The idea that the shapes of a typeface can be associated with feelings, objects and artistic movements is certainly not new. But as a major component in communicating ideas and information, their expressionist possibilities often take a back seat to legibility. Among the few graphic designers to flip this hierarchy is Leah Maldonado, a Portland-based graphic designer whose is working in the same vein as Lucas Descroix, Fatih Hardal’s FH Fraktur, Gut Magazine’s anti-slick titling and Kenneth Vanoverbeke’s expressionist experiments. Exploring this idea, Leah has created nine free typefaces for her project Glyphworld.
In the project, each typeface is meant to reflect an emotional connection to our environment, set in a mythical alternate font-world with nine landscapes that these typefaces are named after: Forest, Meadow, Flower, Mountain, Airland, Animal Soul, Glacier, Desert and Wasteland. “The typefaces correspond to their namesake landscape the way certain sounds can correspond to genres of music, or how articles of clothing might correspond to social tropes,” Leah tells It’s Nice That. “Legibility isn’t always a goal, use cases don’t really matter and monetary return doesn’t dictate design choices,” she adds, talking about the movement that she calls expressionist type design. “Glyphworld is my contribution to this movement.”
This project seems like a culmination of Leah’s many design interests, mostly encountered in daily life within the physical or digital vernacular. Growing up on Portland’s 82nd Avenue, a street situated far from downtown’s famed hipster culture, Leah encountered what you’d expect on those long American roads: car dealerships, video poker spots, minimarts, tyre centres and pan-Asian buffets. “It was a people’s street, totally immune to neoliberal aesthetics and bourgeois cafes,” Leah says. In these shops, the owners act as their own graphic designers, squishing letters together instead of picking condensed fonts or picking the wildest options on Dafont. “These choices are like a slang, like a language that’s just easier to speak,” she says.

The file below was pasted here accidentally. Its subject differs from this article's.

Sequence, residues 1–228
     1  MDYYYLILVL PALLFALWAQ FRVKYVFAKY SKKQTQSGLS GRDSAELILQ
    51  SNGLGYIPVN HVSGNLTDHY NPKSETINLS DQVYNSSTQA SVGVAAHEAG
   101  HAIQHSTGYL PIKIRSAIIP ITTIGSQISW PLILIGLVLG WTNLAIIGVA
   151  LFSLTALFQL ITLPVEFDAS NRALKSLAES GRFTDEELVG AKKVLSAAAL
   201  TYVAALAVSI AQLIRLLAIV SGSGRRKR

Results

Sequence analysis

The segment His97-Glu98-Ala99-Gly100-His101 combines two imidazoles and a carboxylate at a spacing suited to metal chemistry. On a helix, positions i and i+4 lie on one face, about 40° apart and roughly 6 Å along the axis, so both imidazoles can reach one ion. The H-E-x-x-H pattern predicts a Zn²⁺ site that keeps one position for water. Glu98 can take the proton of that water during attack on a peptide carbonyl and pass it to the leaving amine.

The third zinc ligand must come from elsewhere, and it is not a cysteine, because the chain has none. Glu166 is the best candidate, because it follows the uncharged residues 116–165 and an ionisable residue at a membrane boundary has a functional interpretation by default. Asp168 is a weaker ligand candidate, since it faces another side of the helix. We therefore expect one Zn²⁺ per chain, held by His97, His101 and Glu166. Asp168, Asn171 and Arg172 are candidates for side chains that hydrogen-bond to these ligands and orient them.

Another stream of influence was grotesque digital aesthetics – deep fried memes, pyramid scheme sites and clickbait images. “I think clickbait is totally bizarre and I love the disgusting images that get you to click on a listicle,” she says. “What shapes make us feel smart? What does a letter look like shaped as greed? It’s similar to clickbait – ‘typebait’. Letters can elicit emotional responses independent of their message.” Another meme-culture classic, the alignment chart, features prominently in Glyphworld. “I thought it was interesting that so many people could relate to these categories and agree placements within them,” she says. “Like most memes it’s a way to visually show a shared experience, or a shared feeling.”
As a result, she used three alignment charts for Glyphworld: one to categorise the natural world into these areas, one to rework this natural world into shapes and letterforms, and a final one that changed the description of these categories. “Good and evil” turn to “life and death”, “lawful and chaotic” turn into “eternal and ephemeral” and “neutral” to “accepted”. From this, the fonts emerge. Airland, the first, is meant to be an invisible typeface, combining system default fonts whose existence as a letterform goes unnoticed. “The cap height, x-height and weight of Airland are shared across the entire Glyphworld family,” she says. Forest, the middle point between semi-pixellated Mountain and the curved Meadow, takes its inspiration from the transition of lush meadows that turn into thinning forests at the mountain top of Washington’s Mount Adams. “There is a sense of infinity that you feel when you look into a forest, maybe that comes from a multitude of things to focus on,” Leah says.
“Glacier is an abstracted blackletter with serifs that adhere to a rotated axis,” she says. “In nature, glaciers feel awe-inspiring, they’re sublime. There is a sense of respect that you feel towards a glacier and it comes from our fear of them.” The rest of the typefaces take on a similar relationship between shape and nature: Flower was designed to look like a hand-crafted cross stitch, Animal Soul’s ambiguity and chaotic existence is expressed through Bezier curves, the regal and dry Desert was informed by uncial calligraphy and Wasteland is “based on finding plastic or man-made objects in nature spaces”, created to be the least legible font.
Leah has turned this project into an exhibition, showing analogous textures and items that correspond to the various natural worlds she’s trying to express. With a graduation date on 9 December and currently working at Future Fonts, she seems ready to face the future. “Glyphworld is free to download because I want more people to participate in something unique and changing in the type world,” she says. “Whatever I do post-grad, I hope it involves creating narratives – I’d like to be a ‘writer who draws’.” One question remains of course: What will a typeface for Leah’s future landscape look like?
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